That said, Japanese internment and the treatment of African Americans was incredibly unjust.  That was simply not the point of my diary, however.  If you would read it, you would discover that.

      "No matter how cynical I get, I just can't keep up." --Lily Tomlin

      by paulex on Sat Feb 08, 2014 at 07:13:51 AM PST

      [ Parent ]

    •  Unfortunate? A misstep? You really believe (0+ / 0-)

      that most of those interned wouldn't have rather been fighting for their country or working alongside their former neighbors? I knew some of those people, went to school with their children. They lost their farms and their businesses because of irrational fear. There was great courage and patriotism in that era; there were shameful episodes too and we shouldn't deny it..

  •  I must say, (1+ / 0-)
    Recommended by:

    as a 60 YO, I have had my own personal doubts about this "greatest generation" meme as well.   Feeds too well into the lip service we give the military, while playing games with their health care, pensions, etc.  I don't understand why we don't have national holidays for medical workers and teachers, like we do for vets and the war dead.  They, too, have sacrificed much for the betterment of the country.  I guess you have to "go big" to con people into picking up a gun for Big Business, er, I meant Freedum!  Welcome to DK.  You sparked a great conversation!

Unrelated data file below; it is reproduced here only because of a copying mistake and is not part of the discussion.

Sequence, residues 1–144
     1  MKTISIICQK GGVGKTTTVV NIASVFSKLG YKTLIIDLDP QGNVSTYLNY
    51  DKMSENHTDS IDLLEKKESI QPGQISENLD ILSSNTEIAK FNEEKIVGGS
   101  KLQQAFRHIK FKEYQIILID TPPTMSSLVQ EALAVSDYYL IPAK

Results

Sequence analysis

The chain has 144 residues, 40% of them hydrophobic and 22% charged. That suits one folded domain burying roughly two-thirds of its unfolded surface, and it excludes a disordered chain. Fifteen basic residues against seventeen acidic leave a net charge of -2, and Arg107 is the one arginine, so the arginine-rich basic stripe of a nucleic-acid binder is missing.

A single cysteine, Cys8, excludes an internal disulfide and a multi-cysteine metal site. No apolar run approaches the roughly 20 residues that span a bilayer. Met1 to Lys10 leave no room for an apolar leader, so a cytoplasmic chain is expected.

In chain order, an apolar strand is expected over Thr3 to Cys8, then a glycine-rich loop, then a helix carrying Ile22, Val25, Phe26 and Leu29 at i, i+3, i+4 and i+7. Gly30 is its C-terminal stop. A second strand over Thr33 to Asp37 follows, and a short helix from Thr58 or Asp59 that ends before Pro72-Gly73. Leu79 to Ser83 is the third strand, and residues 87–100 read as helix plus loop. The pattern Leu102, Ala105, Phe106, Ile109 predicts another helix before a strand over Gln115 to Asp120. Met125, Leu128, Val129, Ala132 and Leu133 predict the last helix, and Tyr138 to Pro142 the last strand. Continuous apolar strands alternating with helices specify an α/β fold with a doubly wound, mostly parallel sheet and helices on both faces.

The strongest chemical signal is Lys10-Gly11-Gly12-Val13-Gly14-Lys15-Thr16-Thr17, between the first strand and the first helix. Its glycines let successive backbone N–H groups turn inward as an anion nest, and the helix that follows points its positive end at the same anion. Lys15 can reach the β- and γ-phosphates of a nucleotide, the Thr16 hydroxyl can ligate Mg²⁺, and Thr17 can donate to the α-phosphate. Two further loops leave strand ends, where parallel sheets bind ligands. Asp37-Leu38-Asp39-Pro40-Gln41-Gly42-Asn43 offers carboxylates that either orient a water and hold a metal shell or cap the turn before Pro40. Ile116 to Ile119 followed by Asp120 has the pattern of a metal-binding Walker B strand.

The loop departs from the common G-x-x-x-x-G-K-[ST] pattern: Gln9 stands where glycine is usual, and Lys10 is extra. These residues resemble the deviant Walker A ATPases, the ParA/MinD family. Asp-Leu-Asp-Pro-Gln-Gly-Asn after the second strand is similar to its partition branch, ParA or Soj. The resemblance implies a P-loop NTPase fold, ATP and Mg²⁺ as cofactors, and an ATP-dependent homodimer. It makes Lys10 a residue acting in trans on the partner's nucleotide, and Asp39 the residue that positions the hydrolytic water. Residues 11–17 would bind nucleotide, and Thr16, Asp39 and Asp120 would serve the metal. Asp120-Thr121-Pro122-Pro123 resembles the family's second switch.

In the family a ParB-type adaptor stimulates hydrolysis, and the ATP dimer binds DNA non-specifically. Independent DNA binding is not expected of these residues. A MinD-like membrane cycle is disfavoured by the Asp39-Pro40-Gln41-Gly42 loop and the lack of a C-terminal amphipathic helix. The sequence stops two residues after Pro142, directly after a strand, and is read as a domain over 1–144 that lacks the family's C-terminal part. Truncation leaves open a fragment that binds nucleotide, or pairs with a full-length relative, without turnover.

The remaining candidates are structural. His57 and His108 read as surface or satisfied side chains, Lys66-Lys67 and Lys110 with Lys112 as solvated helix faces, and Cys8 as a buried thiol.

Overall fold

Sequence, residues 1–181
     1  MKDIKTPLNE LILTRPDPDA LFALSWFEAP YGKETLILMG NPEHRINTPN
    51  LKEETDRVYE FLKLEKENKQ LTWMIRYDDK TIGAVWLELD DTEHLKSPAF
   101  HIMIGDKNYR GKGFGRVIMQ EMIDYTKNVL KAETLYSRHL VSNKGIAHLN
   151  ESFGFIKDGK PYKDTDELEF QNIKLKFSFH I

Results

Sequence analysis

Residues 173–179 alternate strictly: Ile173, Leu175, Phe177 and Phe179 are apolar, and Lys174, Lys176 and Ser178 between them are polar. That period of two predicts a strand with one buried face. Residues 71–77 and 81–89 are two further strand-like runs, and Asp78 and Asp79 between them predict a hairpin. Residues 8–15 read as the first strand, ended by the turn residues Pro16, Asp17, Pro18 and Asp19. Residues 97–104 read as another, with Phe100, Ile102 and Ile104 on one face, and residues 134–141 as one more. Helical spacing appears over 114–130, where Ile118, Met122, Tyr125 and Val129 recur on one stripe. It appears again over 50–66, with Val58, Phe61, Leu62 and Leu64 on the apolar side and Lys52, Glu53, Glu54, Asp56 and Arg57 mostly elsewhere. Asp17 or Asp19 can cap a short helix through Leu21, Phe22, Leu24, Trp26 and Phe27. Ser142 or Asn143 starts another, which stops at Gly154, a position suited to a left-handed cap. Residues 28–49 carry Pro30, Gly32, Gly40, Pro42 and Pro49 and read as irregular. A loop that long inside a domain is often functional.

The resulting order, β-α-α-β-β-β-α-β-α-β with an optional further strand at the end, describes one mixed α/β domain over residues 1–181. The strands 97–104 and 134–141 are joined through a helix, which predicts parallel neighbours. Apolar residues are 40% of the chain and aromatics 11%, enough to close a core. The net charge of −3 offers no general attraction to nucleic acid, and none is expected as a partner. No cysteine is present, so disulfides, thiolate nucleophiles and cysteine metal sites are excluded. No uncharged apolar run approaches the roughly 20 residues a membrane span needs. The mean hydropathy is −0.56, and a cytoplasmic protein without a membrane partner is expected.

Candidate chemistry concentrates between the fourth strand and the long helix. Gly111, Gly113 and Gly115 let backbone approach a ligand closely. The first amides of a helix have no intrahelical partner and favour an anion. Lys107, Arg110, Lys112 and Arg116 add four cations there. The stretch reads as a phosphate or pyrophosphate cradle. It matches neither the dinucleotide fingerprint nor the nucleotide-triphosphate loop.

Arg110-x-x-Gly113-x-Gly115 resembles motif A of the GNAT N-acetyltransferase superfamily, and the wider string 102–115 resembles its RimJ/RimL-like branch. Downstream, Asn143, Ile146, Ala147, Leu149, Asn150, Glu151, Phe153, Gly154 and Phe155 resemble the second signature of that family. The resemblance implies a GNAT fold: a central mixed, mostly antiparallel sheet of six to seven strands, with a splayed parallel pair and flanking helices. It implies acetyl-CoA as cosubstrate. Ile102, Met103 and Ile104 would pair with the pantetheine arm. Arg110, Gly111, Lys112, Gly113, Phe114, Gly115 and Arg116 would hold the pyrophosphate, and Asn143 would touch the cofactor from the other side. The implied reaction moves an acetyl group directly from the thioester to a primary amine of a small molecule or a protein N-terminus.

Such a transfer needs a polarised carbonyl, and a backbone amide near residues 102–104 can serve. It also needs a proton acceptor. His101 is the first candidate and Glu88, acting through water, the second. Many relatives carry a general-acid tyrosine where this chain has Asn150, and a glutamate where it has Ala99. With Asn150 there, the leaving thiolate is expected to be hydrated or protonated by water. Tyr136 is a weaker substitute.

"The light which puts out our sight is darkness to us." Thoreau

    by NancyWH on Sat Feb 08, 2014 at 08:04:04 AM PST

  •  Maybe it really is backwards (0+ / 0-)

    Perhaps, though, there isn't really a contradiction here.  Each generation was the "greatest," and can be considered the "greatest" in its own right because of what they have accomplished.  Self-aggrandizing labels are just that, labels that really don't mean anything and are ultimately of little consequence.  In other words, just because Brokaw calls that generation the "greatest" means exactly what in the scheme of things?  

    Now we have hindsight and can conclude that the "greatest" generation isn't really that great, because they are on the whole more homophobic, racist, make up the largest part of the bizarre tea party movement, are more cranky about "Obamacare" than the average American, seem to be for the most part cranky, ornery and contrarian.